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Winner of the 2017 J. Anthony Lukas PrizeShortlisted for the 2017 Hurston/Wright Foundation AwardFinalist for the 2017 Helen Bernstein Book Award for Excellence in JournalismLonglisted for the 2017 Andrew Carnegie Medal for Excellence in Non Fiction On an average day in America, seven children and teens will be shot dead. In Another Day in the Death of America, award-winning journalist Gary Younge tells the stories of the lives lost during one such day. It could have been any day, but he chose November 23, 2013. Black, white, and Latino, aged nine to nineteen, they fell at sleepovers, on street corners, in stairwells, and on their own doorsteps. From the rural Midwest to the barrios of Texas, the narrative crisscrosses the country over a period of twenty-four hours to reveal the full human stories behind the gun-violence statistics and the brief mentions in local papers of lives lost. This powerful and moving work puts a human face-a child's face-on the "collateral damage" of gun deaths across the country. This is not a book about gun control, but about what happens in a country where it does not exist. What emerges in these pages is a searing and urgent portrait of youth, family, and firearms in America today.
Category: Social Science

Catholics In The American Century

Author : R. Scott Appleby
ISBN : 9780801465208
Genre : History
File Size : 22.60 MB
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Over the course of the twentieth century, Catholics, who make up a quarter of the population of the United States, made significant contributions to American culture, politics, and society. They built powerful political machines in Chicago, Boston, and New York; led influential labor unions; created the largest private school system in the nation; and established a vast network of hospitals, orphanages, and charitable organizations. Yet in both scholarly and popular works of history, the distinctive presence and agency of Catholics as Catholics is almost entirely absent. In this book, R. Scott Appleby and Kathleen Sprows Cummings bring together American historians of race, politics, social theory, labor, and gender to address this lacuna, detailing in cogent and wide-ranging essays how Catholics negotiated gender relations, raised children, thought about war and peace, navigated the workplace and the marketplace, and imagined their place in the national myth of origins and ends. A long overdue corrective, Catholics in the American Century restores Catholicism to its rightful place in the American story.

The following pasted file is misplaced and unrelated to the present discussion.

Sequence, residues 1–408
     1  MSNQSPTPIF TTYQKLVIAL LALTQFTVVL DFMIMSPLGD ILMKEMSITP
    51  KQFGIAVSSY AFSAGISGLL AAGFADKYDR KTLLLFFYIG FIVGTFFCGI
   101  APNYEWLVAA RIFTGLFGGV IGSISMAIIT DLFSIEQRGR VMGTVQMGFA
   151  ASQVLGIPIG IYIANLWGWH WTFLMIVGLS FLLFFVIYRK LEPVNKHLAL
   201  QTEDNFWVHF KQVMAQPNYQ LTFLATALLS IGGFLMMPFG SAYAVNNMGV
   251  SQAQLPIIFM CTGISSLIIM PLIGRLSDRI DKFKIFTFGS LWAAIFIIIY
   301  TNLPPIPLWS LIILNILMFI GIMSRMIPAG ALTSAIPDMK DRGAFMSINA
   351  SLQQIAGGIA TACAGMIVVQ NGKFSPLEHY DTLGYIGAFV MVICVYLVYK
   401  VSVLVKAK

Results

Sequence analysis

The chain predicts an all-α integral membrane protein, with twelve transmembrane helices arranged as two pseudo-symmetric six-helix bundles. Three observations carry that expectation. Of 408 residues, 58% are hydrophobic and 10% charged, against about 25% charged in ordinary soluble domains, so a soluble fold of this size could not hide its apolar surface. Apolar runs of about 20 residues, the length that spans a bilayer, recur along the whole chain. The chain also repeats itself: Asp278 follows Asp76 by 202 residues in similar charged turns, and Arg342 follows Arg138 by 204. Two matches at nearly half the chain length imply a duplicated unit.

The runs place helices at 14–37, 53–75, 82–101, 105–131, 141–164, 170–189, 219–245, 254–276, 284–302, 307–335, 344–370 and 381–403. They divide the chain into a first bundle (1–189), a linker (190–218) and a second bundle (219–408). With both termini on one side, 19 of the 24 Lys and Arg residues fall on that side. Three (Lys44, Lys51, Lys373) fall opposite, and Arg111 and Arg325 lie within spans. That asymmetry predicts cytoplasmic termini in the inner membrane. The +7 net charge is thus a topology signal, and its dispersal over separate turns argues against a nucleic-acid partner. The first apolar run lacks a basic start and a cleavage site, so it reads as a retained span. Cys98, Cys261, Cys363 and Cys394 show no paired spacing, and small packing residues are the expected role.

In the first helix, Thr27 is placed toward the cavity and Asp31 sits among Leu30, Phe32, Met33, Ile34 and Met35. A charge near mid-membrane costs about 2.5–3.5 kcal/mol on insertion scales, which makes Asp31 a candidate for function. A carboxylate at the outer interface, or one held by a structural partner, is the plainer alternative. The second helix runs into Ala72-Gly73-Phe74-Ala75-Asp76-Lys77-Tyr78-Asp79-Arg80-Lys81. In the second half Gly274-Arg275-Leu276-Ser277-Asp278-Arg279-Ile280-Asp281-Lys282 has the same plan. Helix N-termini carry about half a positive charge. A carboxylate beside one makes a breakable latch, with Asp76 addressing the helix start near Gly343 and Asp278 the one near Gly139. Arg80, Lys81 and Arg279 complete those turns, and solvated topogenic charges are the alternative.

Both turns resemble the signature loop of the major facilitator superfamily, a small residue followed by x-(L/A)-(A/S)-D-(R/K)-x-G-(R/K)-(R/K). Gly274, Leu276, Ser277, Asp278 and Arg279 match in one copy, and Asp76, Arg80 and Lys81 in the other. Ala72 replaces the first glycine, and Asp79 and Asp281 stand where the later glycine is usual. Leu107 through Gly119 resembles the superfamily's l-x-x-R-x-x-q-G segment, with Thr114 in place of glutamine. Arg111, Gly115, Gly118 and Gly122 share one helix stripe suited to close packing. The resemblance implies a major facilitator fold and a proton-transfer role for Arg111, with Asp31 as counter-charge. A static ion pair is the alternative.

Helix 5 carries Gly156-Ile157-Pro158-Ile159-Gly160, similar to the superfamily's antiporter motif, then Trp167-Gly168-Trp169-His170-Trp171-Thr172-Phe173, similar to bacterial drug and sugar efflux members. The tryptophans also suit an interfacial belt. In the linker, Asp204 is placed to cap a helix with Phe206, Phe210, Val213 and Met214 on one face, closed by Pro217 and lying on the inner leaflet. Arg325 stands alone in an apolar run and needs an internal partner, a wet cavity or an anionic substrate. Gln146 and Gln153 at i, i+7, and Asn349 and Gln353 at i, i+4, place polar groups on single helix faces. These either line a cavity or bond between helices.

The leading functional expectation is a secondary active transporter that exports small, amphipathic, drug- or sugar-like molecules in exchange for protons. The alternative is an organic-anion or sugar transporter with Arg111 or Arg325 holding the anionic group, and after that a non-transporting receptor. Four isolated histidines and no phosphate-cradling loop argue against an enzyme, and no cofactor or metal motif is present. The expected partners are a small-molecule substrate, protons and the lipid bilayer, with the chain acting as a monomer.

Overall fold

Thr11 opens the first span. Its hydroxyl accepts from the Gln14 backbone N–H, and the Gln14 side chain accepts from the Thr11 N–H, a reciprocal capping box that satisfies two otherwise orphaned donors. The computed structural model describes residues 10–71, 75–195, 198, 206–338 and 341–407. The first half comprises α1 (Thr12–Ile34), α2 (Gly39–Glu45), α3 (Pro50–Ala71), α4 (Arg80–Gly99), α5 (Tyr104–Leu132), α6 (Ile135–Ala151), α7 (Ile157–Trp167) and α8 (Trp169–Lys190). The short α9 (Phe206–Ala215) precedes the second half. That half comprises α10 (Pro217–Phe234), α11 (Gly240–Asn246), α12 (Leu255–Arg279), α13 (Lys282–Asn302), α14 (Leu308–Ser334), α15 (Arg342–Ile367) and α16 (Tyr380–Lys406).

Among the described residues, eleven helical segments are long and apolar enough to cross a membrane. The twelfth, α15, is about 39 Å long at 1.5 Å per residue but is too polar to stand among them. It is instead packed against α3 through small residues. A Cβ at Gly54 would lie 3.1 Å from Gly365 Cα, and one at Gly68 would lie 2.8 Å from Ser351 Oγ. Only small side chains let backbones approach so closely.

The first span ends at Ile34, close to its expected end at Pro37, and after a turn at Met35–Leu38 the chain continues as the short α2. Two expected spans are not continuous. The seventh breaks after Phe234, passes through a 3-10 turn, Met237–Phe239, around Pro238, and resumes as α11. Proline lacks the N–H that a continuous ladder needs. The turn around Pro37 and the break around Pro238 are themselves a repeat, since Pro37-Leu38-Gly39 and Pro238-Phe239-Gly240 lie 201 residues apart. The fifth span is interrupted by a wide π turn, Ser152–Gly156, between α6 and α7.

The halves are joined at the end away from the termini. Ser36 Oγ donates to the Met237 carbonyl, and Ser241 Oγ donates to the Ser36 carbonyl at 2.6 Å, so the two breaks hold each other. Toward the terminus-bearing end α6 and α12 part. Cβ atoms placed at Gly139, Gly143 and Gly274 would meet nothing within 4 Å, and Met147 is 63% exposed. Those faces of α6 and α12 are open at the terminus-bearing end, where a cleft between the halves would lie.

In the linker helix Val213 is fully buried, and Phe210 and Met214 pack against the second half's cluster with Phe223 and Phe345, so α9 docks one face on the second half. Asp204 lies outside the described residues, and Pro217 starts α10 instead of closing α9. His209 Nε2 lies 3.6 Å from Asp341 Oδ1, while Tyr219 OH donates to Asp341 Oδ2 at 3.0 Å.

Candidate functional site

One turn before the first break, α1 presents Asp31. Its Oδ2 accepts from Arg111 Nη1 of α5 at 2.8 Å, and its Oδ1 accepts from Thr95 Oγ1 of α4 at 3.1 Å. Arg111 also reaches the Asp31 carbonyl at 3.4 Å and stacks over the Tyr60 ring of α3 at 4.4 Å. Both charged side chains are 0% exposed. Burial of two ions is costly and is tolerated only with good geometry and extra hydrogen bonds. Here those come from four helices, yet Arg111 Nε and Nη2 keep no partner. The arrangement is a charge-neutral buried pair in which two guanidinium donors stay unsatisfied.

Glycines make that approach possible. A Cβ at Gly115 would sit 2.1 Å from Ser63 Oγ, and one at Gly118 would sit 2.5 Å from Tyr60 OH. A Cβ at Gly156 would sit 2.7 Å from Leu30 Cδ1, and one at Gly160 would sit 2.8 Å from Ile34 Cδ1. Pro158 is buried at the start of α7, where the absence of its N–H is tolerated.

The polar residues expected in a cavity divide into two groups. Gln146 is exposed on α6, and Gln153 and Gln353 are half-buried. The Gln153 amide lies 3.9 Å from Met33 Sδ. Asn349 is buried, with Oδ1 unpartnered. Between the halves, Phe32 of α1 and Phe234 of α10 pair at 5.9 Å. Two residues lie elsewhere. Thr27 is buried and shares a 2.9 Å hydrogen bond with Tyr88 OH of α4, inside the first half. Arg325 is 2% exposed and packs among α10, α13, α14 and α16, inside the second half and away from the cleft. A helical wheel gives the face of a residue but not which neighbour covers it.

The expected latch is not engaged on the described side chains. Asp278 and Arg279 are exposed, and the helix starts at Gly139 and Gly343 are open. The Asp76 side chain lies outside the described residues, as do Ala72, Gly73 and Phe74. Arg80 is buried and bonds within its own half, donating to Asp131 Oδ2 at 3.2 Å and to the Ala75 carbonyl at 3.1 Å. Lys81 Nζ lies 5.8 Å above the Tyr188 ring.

Category: History

Beyond Rust

Author : Allen Dieterich-Ward
ISBN : 9780812292022
Genre : History
File Size : 60.15 MB
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Beyond Rust chronicles the rise, fall, and rebirth of metropolitan Pittsburgh, an industrial region that once formed the heart of the world's steel production and is now touted as a model for reviving other hard-hit cities of the Rust Belt. Writing in clear and engaging prose, historian and area native Allen Dieterich-Ward provides a new model for a truly metropolitan history that integrates the urban core with its regional hinterland of satellite cities, white-collar suburbs, mill towns, and rural mining areas. Pittsburgh reached its industrial heyday between 1880 and 1920, as vertically integrated industrial corporations forged a regional community in the mountainous Upper Ohio River Valley. Over subsequent decades, metropolitan population growth slowed as mining and manufacturing employment declined. Faced with economic and environmental disaster in the 1930s, Pittsburgh's business elite and political leaders developed an ambitious program of pollution control and infrastructure development. The public-private partnership behind the "Pittsburgh Renaissance," as advocates called it, pursued nothing less than the selective erasure of the existing social and physical environment in favor of a modernist, functionally divided landscape: a goal that was widely copied by other aging cities and one that has important ramifications for the broader national story. Ultimately, the Renaissance vision of downtown skyscrapers, sleek suburban research campuses, and bucolic regional parks resulted in an uneven transformation that tore the urban fabric while leaving deindustrializing river valleys and impoverished coal towns isolated from areas of postwar growth. Beyond Rust is among the first books of its kind to continue past the collapse of American manufacturing in the 1980s by exploring the diverse ways residents of an iconic industrial region sought places for themselves within a new economic order.
Category: History